The main class for this project is com.ziesemer.httpEchoServer.HttpEchoServer. It is written to be suitable for inclusion into other projects or uses, as visible from the included JUnit test. It also includes a main() method for direct use from the command-line, supporting arguments to control the port to listen on ("--port") and the directory to use to store the log files ("--logDir"). By default, Jetty is configured to listen on port 8080. If the specified port is unavailable, add "--allowDynamicPort" to configure the process to fall-back to a dynamically-chosen port if the specified port is already in-use.

Fiddler: Another alternative

Another alternative I later considered was Microsoft's Fiddler, a HTTP Debugging Proxy. While not open-source, it is freeware and extensible. It is also certainly a better match for my requirements than either Wireshark or Apache's mod_dumpio, and arguably even my solution described here. However, Fiddler still requires a server to answer the requests for it can monitor the traffic, and doesn't support echoing the request to the response. Fiddler does have many other features to offer that may prove useful, and is at least worth testing out.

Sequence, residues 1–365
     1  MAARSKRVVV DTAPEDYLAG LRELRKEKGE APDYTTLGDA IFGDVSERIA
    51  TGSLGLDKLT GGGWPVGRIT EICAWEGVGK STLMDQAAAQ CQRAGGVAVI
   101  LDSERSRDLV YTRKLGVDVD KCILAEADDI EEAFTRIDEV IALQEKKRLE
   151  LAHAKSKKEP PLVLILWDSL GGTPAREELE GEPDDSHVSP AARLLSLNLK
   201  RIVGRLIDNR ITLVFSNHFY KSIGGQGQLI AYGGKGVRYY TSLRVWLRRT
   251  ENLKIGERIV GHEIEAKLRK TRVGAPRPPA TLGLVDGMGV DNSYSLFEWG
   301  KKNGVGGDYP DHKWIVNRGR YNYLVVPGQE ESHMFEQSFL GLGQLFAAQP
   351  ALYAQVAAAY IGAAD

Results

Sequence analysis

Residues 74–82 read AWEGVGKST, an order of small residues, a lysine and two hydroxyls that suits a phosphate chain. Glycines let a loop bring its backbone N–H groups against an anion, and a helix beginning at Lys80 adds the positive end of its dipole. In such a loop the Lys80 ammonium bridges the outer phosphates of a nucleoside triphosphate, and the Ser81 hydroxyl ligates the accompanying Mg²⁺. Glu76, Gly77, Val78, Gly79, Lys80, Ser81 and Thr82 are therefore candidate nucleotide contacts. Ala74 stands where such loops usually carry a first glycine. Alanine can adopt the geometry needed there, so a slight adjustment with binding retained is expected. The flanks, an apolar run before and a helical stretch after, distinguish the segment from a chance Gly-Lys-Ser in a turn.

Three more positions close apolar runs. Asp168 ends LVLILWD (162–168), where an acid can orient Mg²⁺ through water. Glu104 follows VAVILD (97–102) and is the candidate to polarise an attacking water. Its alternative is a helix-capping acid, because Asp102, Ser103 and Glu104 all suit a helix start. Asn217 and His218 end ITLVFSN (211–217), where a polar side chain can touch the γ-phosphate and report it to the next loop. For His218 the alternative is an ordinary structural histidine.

com.ziesemer.httpEchoServer is available on under the GPL license, complete with source code, a compiled .jar, generated JavaDocs, and JUnit tests. Download the com.ziesemer.httpEchoServer-*.zip distribution from here. Please report any bugs or feature requests on the Issue Tracker.


Rogan Dawes said...

Hi Mark,

I see you found Fiddler, but I guess you didn't run across WebScarab, WebScarab-NG, OWASP Proxy (disclaimer, I am the author of all three), Burp Proxy, etc.

WebScarab* and OWASP Proxy are all open source , and written in Java.

Mark A. Ziesemer said...

Rogan - thanks for the comment. There are certainly a number of tools that can operate as proxies, including those that you mentioned. I've used some of the other OWASP tools before with great success. All the tools you mentioned are probably better than Fiddler. However - please correct me if I'm wrong, but as with Fiddler, I don't believe any of these can also act as their own server, nor can they echo the request back in the response.

Granted, I probably had a very specific need here - but now it can be reused the next time myself or someone else needs the same thing again.

Rogan Dawes said...

Well, WebScarab has BeanShell support, so you can intercept the request, and generate your own response containing whatever you want.

OWASP Proxy is more of a library for building other tools that need proxy intercept capability, and can therefore also be used to do whatever you want with it. Just program it accordingly.

I'll be publishing some slides of a tal I'll be giving this weekend to show just how easy it is to use OWASP Proxy.